Gay rights march in Belgrade triggers violent riots
The violence occurred just two days before a planned visit of U.S. Secretary of State Hillary Clinton, who wants to highlight Washington's support for Belgrade's EU aspirations.
Gangs of tough-looking youths threw stones, crowbars, wooden planks, bottles and other objects at police, smashed windows of cars and buses and looted several central shops including that of Italian retailer Benetton. Some sang nationalist songs.
Rioters were injured by charging police, backed by armored vehicles, who wielded clubs and shields and used teargas and stun grenades against their attackers.
Police said they had detained 101 people as of late afternoon and kept 53 in custody. Debris lay scattered across the main streets of central Belgrade and clouds of teargas rose from the ground.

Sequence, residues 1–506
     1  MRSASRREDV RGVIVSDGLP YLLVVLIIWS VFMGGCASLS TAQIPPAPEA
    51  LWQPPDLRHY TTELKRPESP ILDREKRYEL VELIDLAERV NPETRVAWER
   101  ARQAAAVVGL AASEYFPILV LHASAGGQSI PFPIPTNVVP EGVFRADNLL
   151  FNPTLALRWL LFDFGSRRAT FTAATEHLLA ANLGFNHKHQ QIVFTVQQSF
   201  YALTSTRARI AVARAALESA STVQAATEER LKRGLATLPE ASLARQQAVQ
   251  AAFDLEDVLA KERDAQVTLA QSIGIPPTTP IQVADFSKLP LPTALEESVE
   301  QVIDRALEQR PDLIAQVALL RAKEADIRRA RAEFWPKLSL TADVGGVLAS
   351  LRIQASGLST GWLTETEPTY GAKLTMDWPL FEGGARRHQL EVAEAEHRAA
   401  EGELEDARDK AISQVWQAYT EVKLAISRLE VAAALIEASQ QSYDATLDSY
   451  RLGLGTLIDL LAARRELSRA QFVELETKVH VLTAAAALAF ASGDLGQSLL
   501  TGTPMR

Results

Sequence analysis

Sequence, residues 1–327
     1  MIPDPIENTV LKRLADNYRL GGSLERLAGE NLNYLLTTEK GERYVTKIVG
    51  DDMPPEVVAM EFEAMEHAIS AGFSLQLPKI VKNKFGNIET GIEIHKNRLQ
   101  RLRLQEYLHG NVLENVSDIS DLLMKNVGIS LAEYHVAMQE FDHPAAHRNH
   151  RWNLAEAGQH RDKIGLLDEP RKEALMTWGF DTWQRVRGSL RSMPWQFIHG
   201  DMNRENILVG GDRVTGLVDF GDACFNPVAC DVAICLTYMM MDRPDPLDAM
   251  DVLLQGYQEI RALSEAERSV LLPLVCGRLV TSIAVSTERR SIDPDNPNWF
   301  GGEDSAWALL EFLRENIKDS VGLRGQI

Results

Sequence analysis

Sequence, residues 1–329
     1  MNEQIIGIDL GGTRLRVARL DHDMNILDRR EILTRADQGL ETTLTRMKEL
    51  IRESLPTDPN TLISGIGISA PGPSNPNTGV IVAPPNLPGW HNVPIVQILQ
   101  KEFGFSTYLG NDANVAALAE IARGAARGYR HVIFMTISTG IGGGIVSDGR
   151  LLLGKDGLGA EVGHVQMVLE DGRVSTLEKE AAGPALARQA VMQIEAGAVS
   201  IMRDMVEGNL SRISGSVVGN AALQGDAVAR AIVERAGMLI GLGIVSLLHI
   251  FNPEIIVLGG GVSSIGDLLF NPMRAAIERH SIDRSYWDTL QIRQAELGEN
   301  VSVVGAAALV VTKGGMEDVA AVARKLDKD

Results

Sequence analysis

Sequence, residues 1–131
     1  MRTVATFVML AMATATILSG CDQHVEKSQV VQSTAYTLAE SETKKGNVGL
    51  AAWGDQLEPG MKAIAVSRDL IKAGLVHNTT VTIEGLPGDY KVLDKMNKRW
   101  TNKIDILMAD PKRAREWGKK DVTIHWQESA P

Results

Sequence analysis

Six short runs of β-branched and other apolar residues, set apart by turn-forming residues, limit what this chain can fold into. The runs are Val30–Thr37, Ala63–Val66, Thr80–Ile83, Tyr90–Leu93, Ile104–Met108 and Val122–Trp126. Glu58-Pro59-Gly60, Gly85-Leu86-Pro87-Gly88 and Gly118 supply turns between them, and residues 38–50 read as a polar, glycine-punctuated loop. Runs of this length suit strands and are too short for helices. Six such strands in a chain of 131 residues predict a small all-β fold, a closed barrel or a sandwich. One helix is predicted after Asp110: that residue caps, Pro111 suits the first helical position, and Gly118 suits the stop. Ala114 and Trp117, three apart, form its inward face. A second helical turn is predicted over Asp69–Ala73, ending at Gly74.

"It was more like death march. The atmosphere was terrible," said Susanne Simon-Paunovic, a German married to a Serb who attended the rally.
Milena, a 36-year old lesbian activist said: "It is a shame for me to march, to stand for what I am, and to have thousands of cops protect me from hysterical nationalists."
Traditionally conservative Balkan societies have been slow to adjust to open homosexuality, and last year a Serbian gay parade was canceled because of threats.
"This government wants to protect a deviant, wicked and non-Christian minority against the good, law-abiding majority," said Milija, 28, a construction engineer who described himself as a religious nationalist.
(Additional reporting by Fedja Grulovic, Jaska Scekic, and Adrian Tanner in Belgrade)
(Writing by Adam Tanner, editing by Noah Barkin)
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